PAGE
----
Pa rum pum pum pum
Rum pum pum pum
Rum pum pum pum
Shall I play for you!
Pa rum pum pum
On my drum.
Mary nodded
Pa rum pum pum pum
The ox and lamb kept time
Pa rum pum pum pum
I played my drum for Him
Pa rum pum pum
I played my best for Him
Pa rum pum pum pum
Rum pum pum pum
Rum pum pum pum
Then He smiled at me
Pa rum pum pum pum
Me and my drum.

O Come, All Ye Faithful
come, all ye faithful,
Joyful and triumphant,
O come ye,
O come ye to Bethlehem;
Come and behold Him
Born the King of angels;
O come, let us adore Him,
O come, let us adore Him,
O come, let us adore Him,
Christ, the Lord.
Sing, choirs of angels,
Sing in exultation,
Sing, all ye citizens
Of heaven above;
Glory to God,
Glory in the highest;
O come, let us adore Him,
O come, let us adore Him,
O come, let us adore Him,
Christ, the Lord.
Yea, Lord, we greet Thee,
Born this happy morning,
Jesus, to Thee be
All glory given;
Son of the Father,
Now in flesh appearing;
O come, let us adore Him,
O come, let us adore Him,
O come, let us adore Him,
Christ, the Lord.

O Holy Night
holy night,
The stars are brightly shining;
It is the night of
Our dear Savior’s birth!
Long lay the world
In sin and error pining,
Till He appeared
And the soul felt its worth.
thrill of hope,
The weary world rejoices,
For yonder breaks
A new and glorious morn.
Fall on your knees,
O hear the angel voices!
O night divine,
O night when Christ was born!
O night divine, O night,
O night divine!

O Little Town Of Bethlehem
little town of Bethlehem,
How still we see thee lie.
Above thy deep and dreamless sleep
The silent stars go by;
Yet in thy dark streets shineth
The everlasting Light;
The hopes and fears of all the years
Are met in thee tonight.
For Christ is born of Mary,
And, gathered all above
While mortals sleep, the angels keep
Their watch of wondering love.
O morning stars, together
Proclaim the holy birth.
And praises sing to God the King.
And peace to men on earth.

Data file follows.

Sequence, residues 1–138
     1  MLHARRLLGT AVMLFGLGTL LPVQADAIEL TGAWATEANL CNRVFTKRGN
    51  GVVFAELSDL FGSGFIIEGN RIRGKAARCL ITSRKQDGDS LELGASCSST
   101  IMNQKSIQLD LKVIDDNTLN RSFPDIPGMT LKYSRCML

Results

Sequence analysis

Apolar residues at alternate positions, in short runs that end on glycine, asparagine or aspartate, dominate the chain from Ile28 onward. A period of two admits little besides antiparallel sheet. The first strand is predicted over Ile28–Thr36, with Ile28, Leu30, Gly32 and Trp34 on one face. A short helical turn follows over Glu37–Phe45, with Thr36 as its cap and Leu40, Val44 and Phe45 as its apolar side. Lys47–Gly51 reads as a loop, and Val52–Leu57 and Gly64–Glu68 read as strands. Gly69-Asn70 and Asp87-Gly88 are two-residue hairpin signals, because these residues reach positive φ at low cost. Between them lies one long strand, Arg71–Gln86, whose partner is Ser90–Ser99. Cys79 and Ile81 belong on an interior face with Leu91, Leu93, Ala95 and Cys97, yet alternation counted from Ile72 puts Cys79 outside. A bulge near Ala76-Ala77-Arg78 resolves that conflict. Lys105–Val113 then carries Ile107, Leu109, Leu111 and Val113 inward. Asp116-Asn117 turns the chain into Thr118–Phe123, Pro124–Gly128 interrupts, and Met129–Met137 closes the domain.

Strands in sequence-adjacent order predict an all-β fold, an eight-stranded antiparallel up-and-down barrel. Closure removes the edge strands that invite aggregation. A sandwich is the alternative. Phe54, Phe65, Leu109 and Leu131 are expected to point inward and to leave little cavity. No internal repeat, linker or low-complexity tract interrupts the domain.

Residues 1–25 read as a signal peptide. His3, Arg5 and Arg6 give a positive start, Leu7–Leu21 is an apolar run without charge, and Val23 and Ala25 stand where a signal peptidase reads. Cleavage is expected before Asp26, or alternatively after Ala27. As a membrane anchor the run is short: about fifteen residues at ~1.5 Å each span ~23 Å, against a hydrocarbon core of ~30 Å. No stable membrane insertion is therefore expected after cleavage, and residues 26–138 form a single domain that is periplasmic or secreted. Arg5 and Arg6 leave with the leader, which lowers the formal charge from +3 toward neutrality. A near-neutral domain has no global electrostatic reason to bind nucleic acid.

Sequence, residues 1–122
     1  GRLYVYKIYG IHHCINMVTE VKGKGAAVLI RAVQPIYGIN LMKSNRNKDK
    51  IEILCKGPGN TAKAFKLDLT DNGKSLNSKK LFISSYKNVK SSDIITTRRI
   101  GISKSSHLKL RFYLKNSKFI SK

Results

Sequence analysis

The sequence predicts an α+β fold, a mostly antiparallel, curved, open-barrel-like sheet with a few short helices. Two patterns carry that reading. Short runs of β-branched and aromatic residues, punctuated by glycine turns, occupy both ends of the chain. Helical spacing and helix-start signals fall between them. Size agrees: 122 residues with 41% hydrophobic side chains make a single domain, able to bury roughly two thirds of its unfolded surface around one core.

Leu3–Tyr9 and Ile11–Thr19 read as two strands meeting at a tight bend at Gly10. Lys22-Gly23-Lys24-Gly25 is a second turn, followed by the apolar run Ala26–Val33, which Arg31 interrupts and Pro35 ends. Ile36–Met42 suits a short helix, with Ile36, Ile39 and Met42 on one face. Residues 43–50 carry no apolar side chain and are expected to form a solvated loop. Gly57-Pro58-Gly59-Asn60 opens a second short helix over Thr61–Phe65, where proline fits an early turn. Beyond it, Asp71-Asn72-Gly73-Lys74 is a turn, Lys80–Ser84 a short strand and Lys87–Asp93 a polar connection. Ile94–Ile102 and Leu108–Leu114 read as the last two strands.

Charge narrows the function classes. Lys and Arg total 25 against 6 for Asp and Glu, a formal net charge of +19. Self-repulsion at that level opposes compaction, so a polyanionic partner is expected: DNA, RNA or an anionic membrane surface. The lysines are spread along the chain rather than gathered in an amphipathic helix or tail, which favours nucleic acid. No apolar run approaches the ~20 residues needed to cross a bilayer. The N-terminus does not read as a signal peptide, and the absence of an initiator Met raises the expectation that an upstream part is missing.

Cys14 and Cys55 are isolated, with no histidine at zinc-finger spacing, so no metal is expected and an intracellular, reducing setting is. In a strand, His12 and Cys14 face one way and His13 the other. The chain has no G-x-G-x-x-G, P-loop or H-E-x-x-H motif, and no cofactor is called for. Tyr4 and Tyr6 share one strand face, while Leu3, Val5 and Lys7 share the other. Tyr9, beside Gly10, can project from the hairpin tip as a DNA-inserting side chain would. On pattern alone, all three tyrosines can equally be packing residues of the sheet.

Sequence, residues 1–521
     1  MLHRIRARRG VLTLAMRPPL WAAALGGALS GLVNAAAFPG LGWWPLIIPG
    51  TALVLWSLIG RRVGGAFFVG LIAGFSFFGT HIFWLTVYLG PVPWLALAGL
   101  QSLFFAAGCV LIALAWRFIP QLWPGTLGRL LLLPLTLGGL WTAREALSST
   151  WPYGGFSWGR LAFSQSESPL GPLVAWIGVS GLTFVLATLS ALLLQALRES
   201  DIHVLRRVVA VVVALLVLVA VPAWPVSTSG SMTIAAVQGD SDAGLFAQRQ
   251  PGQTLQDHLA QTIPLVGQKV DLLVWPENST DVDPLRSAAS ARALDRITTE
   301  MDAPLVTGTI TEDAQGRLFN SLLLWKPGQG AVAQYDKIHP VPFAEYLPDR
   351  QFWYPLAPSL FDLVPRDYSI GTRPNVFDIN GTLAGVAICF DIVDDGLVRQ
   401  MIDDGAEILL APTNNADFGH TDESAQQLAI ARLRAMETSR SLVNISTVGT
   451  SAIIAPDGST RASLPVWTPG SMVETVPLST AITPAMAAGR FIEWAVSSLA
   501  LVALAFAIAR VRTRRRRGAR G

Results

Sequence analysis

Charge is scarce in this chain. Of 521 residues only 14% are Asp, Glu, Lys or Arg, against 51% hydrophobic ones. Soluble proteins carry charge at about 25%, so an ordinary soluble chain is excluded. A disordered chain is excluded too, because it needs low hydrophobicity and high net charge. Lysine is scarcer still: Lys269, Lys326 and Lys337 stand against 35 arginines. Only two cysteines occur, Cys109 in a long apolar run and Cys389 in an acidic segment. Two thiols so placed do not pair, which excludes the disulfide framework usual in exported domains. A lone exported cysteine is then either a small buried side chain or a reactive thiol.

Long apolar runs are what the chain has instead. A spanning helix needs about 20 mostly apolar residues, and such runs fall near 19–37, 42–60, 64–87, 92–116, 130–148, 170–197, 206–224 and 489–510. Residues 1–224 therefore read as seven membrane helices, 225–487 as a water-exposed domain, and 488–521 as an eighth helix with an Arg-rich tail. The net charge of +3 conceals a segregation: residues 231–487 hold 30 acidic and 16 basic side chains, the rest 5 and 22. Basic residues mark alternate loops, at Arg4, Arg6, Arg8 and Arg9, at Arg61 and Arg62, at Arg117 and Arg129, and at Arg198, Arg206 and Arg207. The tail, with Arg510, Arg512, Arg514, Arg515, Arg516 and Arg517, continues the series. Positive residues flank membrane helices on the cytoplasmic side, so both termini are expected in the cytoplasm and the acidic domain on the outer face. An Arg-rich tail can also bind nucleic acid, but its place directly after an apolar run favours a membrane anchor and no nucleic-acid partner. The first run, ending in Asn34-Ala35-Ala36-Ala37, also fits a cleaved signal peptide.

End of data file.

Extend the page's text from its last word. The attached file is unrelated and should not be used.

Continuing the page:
Rudolph The Red-Nosed Reindeer
You know Dasher and Dancer
And Prancer and Vixen,
Comet and Cupid
And Donner and Blitzen.
But do you recall
The most famous reindeer of all?
Rudolph the red-nosed reindeer
(reindeer)
Had a very shiny nose
(like a light bulb)
And if you ever saw it
(saw it)
You would even say it glows
(like a flash light)
All of the other reindeer
(reindeer)
Used to laugh and call him names
They never let poor Rudolph
(Rudolph)
Play in any reindeer games
(like Monopoly)
Then one foggy Christmas Eve
Santa came to say
(Ho Ho Ho)
Rudolph with your nose so bright
Won’t you guide my sleigh tonight?
Then all the reindeer loved him
(loved him)
And they shouted out with glee
(yippee)
“Rudolph the red-nosed reindeer
(reindeer)
You’ll go down in history!”
(like Columbus)

Santa Claus Is Coming To Town
You better watch out
You better not cry
Better not pout
I’m telling you why
Santa Claus is coming to town
He’s making a list,
And checking it twice;
Gonna find out Who’s naughty and nice.
Santa Claus is coming to town
He sees you when you’re sleeping
He knows when you’re awake
He knows if you’ve been bad or good
So be good for goodness sake!
O! You better watch out!
You better not cry.
Better not pout, I’m telling you why.
Santa Claus is coming to town.
Santa Claus is coming to town.

Silent Night
Silent night, holy night!
All is calm, all is bright
Round yon Virgin, Mother and Child
Holy Infant so tender and mild,
Sleep in heavenly peace,
Sleep in heavenly peace.
Silent night, holy night!
Shepherds quake at the sight!
Glories stream from heaven afar;
Heavenly hosts sing Al-le-lu-ia!
Christ the Saviour is born!